You won’t get publicity for your book if you don’t create and use the right media relations tools. One of the most useful — and most under-utilized — is the tip sheet, a specific type of press release that offers tips or advice in a bulleted or numbered format.
Tip sheets help introduce your target audience to your book’s content, whether it’s fiction or nonfiction. Tip sheets always state a problem, then offer advice from an expert on how to solve that problem. In our case, the expert is the author of a relevant book.
“Relevant” is key here. The problem has to have a connection to your book’s content because your book is the credential you use to give advice. For example, if you’ve written a book on how to buy a used car, you can offer tips on used car scams to avoid, but you should leave the advice on how to plan a romantic weekend getaway to the romance authors.
Media outlets love tip sheets
Tip sheets are popular with editors, reporters, bloggers, radio and TV producers, and others because they provide “news you can use.” When I mentioned tip sheets as part of my keynote presentation on platform-building at the University of Wisconsin Writer’s Institute a few years ago, a Chicago Tribune editor in the audience thanked me afterwards for encouraging writers and authors to create and distribute this important book publicity tool. “We love tip sheets!” he said.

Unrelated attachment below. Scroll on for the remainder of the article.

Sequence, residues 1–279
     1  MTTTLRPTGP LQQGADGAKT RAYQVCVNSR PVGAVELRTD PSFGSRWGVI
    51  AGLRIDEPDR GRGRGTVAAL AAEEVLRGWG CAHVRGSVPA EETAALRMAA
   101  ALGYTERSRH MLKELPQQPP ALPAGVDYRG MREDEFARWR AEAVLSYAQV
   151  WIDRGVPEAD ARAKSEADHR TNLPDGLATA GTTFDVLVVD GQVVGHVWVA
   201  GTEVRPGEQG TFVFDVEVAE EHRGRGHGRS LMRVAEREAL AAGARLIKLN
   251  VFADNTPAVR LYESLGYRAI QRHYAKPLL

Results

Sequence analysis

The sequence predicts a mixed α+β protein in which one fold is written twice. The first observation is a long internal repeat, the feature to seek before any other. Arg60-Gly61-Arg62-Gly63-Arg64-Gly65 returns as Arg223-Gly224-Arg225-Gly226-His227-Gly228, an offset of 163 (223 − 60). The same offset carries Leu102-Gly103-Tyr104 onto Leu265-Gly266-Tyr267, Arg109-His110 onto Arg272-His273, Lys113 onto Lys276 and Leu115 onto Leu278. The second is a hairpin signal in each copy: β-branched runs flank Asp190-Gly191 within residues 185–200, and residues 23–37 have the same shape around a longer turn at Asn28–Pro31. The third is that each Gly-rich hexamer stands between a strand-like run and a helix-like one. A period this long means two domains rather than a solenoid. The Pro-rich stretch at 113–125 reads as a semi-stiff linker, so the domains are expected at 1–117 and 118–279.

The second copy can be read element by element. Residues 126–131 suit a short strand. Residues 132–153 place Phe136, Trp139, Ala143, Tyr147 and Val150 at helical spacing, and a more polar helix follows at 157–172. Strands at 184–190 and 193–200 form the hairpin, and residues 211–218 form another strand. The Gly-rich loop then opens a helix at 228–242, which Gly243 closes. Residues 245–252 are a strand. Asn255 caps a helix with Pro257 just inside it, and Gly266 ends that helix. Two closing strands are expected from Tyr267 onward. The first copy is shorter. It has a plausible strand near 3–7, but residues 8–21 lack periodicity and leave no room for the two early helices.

Tip sheets that are well-written (more on how to do that here) and offer useful advice and information can generate impressive, high-profile publicity, as my “Book Publicity 101: How to Build Book Buzz” e-course student Candy Harrington discovered. The course materials contain detailed instructions for how to write one as well as samples; Build Book Buzz Publicity Forms & Templates includes a fill-in-the-blanks form with a sample.
Students write a tip sheet as a homework assignment, too. Candy sent hers (also posted on her website) to a list of about 100 newspaper travel editors and got excellent pick-up that included this item in the Miami Herald. (Note that this reprint of her tip sheet also links to the book’s website — which is exactly what we want it to do). If you compare the two, you’ll see that Candy’s was so well-done that the editor could just use it “as is” — which always makes it more likely that it will, in fact, get used.
Watch for examples — you’ll see them
USA Weekend, the supplement that goes in weekend Gannett newspapers, frequently includes short articles that read like tip sheets, and the expert sources are often authors offering tips from their books. My daily newspaper included tips for family vacation trips this week by the author of a series of (apparently) self-published children’s books about a little boy who travels. It’s a great example of a tip sheet in action, but it also shows how fiction writers can use this tactic to get widespread exposure, too, because this article ran in multiple newspapers.
No matter what type of book you write, you can use tip sheets to promote it. It doesn’t matter if your book is a memoir, a young adult novel, or a business book — there’s something there that you can share as tips and advice with others.
What are you going to write your tip sheet about? I know you can do it!